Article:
Despite media hype, Big Labor’s best efforts to politicize last year’s holiday season failed. This year they plan on re-upping for another Black Friday campaign.
On that day, the combined efforts of OUR Walmart, Warehouse Workers for Justice, Warehouse Workers United and various other Occupied-styled mobs hope to execute coordinated protests and strikes attacking key “choke points” (Elwood, Illinois and California’s Inland Empire) in the distribution channels that move Johnny’s bike and Susie’s doll across the country before they arrive under your Christmas tree.
Corking the nation’s supply chain on Black Friday through the holidays would be quite a feat. Activists would settle for disrupting it for a few hours, or at best hope a few days. In doing so, they could inflict millions, if not billions of dollars, of financial damage on their corporate targets. While the delayed arrival of Jimmy’s Play Station 4 would be an annoyance for most shoppers, the result for workers at targeted brands may be that they get to start the New Year with a job search.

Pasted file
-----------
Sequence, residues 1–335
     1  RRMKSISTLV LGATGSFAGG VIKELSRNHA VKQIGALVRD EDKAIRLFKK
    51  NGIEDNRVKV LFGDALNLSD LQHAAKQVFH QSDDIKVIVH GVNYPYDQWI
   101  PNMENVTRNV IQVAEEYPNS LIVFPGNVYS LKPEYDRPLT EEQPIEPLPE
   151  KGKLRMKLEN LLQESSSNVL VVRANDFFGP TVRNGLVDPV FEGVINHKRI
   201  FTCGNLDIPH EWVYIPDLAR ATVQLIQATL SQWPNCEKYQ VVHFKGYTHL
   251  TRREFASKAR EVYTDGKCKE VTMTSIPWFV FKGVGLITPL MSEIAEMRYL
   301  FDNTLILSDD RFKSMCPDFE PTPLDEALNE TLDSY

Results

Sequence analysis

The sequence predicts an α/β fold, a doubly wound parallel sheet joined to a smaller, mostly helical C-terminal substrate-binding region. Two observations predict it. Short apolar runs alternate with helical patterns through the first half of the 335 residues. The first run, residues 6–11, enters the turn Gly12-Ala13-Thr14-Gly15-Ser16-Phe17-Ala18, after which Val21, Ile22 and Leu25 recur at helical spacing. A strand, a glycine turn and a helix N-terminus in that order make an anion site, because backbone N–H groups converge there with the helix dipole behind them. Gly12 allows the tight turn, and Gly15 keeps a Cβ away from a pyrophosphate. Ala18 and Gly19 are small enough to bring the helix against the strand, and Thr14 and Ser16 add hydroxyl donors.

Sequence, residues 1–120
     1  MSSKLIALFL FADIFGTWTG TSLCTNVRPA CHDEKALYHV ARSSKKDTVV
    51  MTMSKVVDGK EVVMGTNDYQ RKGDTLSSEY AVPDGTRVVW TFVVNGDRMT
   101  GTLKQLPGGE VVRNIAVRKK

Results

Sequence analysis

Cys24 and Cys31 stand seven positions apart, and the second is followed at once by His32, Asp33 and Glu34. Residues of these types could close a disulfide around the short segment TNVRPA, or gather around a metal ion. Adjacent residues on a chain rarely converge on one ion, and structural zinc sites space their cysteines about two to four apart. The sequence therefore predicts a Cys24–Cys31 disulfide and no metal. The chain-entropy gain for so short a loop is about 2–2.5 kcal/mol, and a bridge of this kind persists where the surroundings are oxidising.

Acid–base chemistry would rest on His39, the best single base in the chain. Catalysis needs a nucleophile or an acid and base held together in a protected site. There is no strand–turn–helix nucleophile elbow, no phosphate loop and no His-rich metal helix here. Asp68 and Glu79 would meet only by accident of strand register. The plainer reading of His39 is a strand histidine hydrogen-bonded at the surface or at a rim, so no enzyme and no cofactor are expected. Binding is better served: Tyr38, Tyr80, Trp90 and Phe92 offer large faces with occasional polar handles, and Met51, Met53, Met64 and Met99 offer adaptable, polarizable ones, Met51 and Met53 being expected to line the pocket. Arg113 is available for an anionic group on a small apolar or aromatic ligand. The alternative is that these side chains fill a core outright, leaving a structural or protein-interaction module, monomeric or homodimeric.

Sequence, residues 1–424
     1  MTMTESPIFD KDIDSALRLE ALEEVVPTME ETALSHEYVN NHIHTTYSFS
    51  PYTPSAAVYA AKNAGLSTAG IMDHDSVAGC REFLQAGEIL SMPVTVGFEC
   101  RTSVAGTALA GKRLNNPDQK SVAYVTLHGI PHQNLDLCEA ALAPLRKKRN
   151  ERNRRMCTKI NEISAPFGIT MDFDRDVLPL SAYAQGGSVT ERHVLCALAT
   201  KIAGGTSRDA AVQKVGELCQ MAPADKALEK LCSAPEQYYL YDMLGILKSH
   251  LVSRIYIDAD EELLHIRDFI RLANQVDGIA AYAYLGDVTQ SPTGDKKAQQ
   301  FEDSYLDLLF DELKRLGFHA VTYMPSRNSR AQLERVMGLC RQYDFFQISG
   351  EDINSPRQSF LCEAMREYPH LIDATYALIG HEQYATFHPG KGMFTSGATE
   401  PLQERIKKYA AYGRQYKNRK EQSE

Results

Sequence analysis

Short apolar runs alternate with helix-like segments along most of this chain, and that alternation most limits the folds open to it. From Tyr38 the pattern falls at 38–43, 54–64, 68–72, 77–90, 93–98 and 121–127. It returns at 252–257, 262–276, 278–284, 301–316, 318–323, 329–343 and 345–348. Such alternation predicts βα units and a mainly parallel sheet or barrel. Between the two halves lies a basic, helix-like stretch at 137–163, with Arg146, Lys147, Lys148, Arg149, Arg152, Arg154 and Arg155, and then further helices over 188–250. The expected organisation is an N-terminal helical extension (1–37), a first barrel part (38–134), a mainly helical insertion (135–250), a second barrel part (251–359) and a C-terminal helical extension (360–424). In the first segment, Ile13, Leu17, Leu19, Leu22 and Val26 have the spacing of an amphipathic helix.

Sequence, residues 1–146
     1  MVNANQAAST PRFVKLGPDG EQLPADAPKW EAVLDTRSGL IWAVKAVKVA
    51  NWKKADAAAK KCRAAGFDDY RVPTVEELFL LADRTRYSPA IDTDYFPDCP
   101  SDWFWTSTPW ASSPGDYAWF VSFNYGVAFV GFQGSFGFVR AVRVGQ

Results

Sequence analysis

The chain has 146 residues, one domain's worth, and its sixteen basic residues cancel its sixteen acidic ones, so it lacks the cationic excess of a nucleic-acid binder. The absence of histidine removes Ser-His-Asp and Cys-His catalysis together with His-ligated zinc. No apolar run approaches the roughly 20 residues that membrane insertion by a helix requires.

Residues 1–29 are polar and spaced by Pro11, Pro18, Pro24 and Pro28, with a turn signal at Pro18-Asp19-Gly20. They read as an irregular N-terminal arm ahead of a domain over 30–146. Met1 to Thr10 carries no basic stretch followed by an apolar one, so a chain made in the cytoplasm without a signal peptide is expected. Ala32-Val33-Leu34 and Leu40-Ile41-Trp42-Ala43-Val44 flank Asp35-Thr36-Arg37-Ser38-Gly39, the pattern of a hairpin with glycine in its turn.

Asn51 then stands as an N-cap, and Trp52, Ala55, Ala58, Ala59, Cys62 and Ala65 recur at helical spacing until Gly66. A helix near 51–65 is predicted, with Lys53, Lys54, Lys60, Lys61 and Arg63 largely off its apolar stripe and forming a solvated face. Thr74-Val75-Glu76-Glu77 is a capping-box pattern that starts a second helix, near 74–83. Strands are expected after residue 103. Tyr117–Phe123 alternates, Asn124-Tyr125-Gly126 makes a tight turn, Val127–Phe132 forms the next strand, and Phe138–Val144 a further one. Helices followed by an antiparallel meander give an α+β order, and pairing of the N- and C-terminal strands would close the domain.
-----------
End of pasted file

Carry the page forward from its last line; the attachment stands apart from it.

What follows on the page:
In the past, unions had all but abandoned these types of economic actions because backlash against rowdy strikes and protests were counterproductive and turned public opinion against them. Everyday citizens, that may otherwise be responsive to conversations on wages and benefits, simply do not appreciate having their daily lives derailed so that unions can score political points. Apparently, unions have forgotten that lesson as Labor is committed to again using the holiday season as a political platform. On thing is for certain, they won’t stop until the public resounding tells them to keep the Occupy-style tactics out of Christmas.